Michael Gerson argues that despite rising food prices, the U.S. government has the ability to practically end hunger within its borders. And while there may be many explanations for why it has not already done so—there are no excuses.
The sharp run-up in food prices has triggered riots in several countries and threatened to push millions of people below the poverty line. In this Center for Geoeconomic Studies Working Paper, Karen H. Johnson explains the causes and likely future course of food-price inflation and analyzes the implications for central banks, trade negotiators, and agricultural policy.
The World Bank analyzes trends and determinants in rising food prices as well as the impact on countries and households and recommends policy options for governments facing food crises.
This panel discusses why there are malnourished people in the world despite a global capability to provide food in a cost-effective way.
In a time of rising global food prices, Africa produces a fraction of the world's crops. What can be done to foster a Green Revolution in Africa?
EU policymakers debate cutting farm subsidies as legislators on both sides of the Atlantic consider how trade distortions fit into the global food crisis.
The 2008 Food for Peace Act replaced the 1954 legislation Agricultural Trade Development and Assistance Act and is governed by the Farm Bill. The Food for Peace Act aims to combat world hunger, promote agricultural development and trade, and prevent conflict.
We are now several months into the global food crisis. Food prices have almost doubled in three years, threatening to push 100 million people into absolute poverty, undoing much of the development progress of the past few years. The new hunger has triggered riots from Haiti to Egypt to Ethiopia, threatening political stability; it has conjured up a raft of protectionist policies, threatening globalization. Yet, Sebastian Mallaby argues that the response to this crisis from governments the world over has been lackadaisical or worse.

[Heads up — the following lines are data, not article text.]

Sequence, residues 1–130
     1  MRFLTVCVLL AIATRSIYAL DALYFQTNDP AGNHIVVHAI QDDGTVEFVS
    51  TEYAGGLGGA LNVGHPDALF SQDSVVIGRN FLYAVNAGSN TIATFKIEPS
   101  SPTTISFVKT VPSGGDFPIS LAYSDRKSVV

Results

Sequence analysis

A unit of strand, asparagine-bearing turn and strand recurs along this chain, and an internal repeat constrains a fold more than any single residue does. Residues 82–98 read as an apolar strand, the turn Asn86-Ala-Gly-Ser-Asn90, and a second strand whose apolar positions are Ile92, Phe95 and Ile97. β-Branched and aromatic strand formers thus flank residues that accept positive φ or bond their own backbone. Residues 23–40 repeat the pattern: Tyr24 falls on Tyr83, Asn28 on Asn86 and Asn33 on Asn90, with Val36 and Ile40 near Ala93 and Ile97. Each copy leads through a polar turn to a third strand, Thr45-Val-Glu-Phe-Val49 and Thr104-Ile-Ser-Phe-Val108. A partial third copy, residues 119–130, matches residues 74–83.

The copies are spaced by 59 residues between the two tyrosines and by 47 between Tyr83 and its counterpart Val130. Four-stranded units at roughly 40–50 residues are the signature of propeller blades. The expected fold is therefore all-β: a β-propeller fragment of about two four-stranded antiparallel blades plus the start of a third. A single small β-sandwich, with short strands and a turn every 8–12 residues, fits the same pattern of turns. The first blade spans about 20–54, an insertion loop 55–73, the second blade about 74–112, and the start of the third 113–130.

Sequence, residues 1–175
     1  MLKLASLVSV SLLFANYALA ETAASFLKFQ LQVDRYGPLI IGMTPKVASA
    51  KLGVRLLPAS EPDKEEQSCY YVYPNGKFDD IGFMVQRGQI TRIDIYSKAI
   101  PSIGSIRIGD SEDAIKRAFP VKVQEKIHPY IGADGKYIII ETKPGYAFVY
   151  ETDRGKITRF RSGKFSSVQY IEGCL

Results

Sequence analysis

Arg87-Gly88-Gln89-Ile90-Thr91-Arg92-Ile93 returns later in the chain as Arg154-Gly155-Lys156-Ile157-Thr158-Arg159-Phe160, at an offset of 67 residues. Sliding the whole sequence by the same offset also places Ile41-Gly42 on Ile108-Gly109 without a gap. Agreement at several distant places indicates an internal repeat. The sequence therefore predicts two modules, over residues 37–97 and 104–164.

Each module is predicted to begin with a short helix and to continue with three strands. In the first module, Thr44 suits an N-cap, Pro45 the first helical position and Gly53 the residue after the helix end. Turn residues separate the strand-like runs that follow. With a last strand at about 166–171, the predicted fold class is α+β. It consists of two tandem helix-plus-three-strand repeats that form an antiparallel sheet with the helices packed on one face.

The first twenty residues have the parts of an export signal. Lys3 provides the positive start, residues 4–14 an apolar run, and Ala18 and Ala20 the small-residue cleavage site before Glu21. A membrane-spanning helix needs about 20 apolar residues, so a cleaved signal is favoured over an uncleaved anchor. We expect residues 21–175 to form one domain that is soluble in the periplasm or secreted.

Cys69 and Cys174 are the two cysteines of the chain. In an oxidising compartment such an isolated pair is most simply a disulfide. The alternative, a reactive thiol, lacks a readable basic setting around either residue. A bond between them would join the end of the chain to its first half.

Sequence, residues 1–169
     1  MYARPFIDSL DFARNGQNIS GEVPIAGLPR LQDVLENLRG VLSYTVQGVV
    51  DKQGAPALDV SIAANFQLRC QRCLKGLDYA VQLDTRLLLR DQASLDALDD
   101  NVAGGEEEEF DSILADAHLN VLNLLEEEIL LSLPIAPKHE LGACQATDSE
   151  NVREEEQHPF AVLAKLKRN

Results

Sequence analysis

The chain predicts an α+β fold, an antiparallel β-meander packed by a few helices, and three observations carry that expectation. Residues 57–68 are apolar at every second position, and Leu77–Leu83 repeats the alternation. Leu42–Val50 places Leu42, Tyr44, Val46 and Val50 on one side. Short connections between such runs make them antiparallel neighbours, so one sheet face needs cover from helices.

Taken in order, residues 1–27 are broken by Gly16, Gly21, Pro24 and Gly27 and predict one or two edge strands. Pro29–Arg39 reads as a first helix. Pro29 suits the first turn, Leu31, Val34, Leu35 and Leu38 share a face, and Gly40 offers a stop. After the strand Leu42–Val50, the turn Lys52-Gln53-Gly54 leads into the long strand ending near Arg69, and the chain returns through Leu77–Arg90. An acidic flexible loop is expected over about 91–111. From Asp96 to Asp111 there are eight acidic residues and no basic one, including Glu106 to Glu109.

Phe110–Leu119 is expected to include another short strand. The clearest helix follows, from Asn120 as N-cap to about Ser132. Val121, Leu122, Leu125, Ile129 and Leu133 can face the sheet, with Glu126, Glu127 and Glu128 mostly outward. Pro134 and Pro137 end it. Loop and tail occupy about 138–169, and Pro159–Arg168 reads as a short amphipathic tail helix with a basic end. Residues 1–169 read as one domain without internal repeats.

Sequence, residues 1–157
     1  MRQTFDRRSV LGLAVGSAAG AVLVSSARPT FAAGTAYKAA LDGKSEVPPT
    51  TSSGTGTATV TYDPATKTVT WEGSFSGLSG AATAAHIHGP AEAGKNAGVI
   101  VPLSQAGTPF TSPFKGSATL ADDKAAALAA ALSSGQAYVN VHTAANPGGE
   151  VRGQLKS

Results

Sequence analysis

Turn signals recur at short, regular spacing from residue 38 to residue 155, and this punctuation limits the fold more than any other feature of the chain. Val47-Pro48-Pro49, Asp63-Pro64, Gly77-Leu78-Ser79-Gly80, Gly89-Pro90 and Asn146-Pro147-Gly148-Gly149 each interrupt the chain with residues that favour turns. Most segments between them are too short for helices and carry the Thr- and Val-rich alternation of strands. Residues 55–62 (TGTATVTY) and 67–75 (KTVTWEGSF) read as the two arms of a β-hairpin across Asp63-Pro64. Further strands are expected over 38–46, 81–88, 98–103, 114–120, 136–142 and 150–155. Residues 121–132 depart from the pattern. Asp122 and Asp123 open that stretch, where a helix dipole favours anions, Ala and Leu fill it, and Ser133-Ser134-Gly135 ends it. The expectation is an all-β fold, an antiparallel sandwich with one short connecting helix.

Gene B. Sperling explains why "we need to provide more food aid and we need to make sure it is delivered in a way that continues to strengthen school-feeding programs."
A mounting food crisis threatens grave consequences for the world’s poor. Experts blame rising oil prices and self-interested agricultural policies.
In Wednesday's roundup: the credibility of the African Union; Jimmy Carter and Hamas; and investigating Benazir Bhutto's death.
Daniel Gustafson of the UN’s Food and Agriculture Organization says the next president should place agricultural policy high on the development agenda.
Anderson Cooper reports on a nutritional breakthrough.
A spike in global food prices, rising at a rate not seen in three decades, has been blamed by some on surging demand for biofuels. Others, however, say this oversimplifies the case.
The recent spate of contamination in the U.S. food supply, much of it traced to Chinese ingredients, has raised questions about safeguards on food imports.
In October 2006, Human Rights Watch (HRW) issued this call for emergency food aid to North Korea to be maintained despite the country’s alleged nuclear test.
Williams argues that the status quo for peace operations in untenable and that greater U.S. involvement is necessary to enhance the quality and success of peacekeeping missions.
The authors argue that the United States has responded inadequately to the rise of Chinese power and recommend placing less strategic emphasis on the goal of integrating China into the international system and more on balancing China's rise.
Campbell evaluates the implications of the Boko Haram insurgency and recommends that the United States support Nigerian efforts to address the drivers of Boko Haram, such as poverty and corruption, and to foster stronger ties with Nigerian civil society.
Red Team provides an in-depth investigation into the work of red teams, revealing the best practices, most common pitfalls, and most effective applications of these modern-day devil's advocates. More
Ashley's War tells the poignant and gripping story of a groundbreaking team of female American warriors who served alongside Special Operations soldiers in Afghanistan. More
Smith's insightful book explores the policy issues testing the Japanese government as it tries to navigate its relationship with an advancing China. More
Learn more about CFR’s mission and its work over the past year in the 2015 Annual Report. The Annual Report spotlights new initiatives, high-profile events, and authoritative scholarship from CFR experts, and includes a message from CFR President Richard N. Haass.
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